First Degree Price Discrimination Goes to School

29 Pages Posted: 31 Dec 2015

See all articles by Joel Waldfogel

Joel Waldfogel

University of Minnesota - Twin Cities - Carlson School of Management; National Bureau of Economic Research (NBER); University of Minnesota - Twin Cities - Department of Economics

Date Written: December 2015

Abstract

Personalized pricing is widely discussed but seldom observed, making studies of its efficacy rare. Yet, first degree price discrimination is common in the pricing of higher education, and I use data on prices and the characteristics of students admitted to a professional graduate program at a public university to estimate a matriculation demand function. I then derive linear pricing functions that maximize revenue for a target number of students. By allowing these functions to depend on progressively richer sets of observables, I explore the effect of personalization of pricing on profit. Tailoring prices to a one‚Äźdimensional measure of student quality would raise revenue by 2.2 per cent above the revenue with uniform pricing. Pricing based on both student quality and state residency raises revenue by 8.4 per cent, and further tailoring based on available observables raises prices 9.0 per cent above the maximum revenue under uniform pricing. Pricing that obeys current statutory tuition limits raises revenue less but still by just over half as much. I also infer the welfare weights that the pricing process implicitly attaches to student characteristics.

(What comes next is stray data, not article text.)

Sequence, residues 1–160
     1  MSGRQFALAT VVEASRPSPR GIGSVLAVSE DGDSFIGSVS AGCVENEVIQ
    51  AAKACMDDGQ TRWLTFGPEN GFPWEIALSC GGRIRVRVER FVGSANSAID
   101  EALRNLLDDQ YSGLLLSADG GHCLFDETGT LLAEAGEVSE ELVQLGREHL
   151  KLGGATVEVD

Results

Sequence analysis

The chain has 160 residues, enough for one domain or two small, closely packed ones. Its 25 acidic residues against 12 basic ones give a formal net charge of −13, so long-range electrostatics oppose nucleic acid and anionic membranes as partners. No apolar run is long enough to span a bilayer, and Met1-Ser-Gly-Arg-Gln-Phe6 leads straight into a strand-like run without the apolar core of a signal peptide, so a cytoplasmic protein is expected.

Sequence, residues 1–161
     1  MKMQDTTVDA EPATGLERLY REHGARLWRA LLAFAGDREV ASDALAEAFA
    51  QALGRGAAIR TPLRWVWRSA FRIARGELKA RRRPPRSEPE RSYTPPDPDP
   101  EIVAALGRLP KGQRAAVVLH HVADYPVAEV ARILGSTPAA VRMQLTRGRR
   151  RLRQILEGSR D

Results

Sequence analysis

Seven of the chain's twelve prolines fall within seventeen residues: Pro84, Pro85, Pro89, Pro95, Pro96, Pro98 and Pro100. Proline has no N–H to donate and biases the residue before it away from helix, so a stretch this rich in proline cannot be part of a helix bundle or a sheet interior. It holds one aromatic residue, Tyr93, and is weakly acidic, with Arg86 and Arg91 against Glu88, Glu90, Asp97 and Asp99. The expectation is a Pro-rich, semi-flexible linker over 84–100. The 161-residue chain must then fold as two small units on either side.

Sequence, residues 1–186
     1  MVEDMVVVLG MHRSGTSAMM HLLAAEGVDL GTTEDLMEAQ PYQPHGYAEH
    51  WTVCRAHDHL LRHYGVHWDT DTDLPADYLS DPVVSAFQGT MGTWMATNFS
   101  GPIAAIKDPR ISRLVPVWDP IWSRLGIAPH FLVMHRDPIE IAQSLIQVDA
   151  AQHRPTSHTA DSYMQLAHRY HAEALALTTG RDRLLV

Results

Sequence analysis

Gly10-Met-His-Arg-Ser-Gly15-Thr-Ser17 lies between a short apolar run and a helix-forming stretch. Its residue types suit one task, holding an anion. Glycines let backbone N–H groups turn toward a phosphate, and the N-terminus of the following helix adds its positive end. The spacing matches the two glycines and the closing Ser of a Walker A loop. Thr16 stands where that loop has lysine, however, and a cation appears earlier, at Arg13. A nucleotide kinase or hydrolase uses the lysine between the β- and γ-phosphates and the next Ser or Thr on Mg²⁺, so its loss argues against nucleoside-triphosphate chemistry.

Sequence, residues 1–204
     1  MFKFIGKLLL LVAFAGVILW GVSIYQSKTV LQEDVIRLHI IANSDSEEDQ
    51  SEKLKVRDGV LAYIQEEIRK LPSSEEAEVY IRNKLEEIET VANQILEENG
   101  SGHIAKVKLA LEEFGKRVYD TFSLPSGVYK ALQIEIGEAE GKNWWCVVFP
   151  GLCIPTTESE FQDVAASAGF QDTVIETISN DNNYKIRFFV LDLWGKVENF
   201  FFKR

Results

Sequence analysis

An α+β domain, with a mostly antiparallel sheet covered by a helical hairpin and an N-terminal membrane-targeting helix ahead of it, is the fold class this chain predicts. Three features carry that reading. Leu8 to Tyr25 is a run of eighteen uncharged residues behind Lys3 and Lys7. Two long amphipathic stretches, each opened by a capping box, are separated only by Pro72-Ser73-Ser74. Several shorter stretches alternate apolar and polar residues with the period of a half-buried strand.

Suggested Citation

Waldfogel, Joel, First Degree Price Discrimination Goes to School (December 2015). The Journal of Industrial Economics, Vol. 63, Issue 4, pp. 569-597, 2015, Available at SSRN: https://ssrn.com/abstract=2709503 or http://dx.doi.org/10.1111/joie.12085

Joel Waldfogel (Contact Author)

University of Minnesota - Twin Cities - Carlson School of Management ( email )

19th Avenue South
Minneapolis, MN 55455
United States

National Bureau of Economic Research (NBER)

1050 Massachusetts Avenue
Cambridge, MA 02138
United States

University of Minnesota - Twin Cities - Department of Economics ( email )

271 19th Avenue South
Minneapolis, MN 55455
United States

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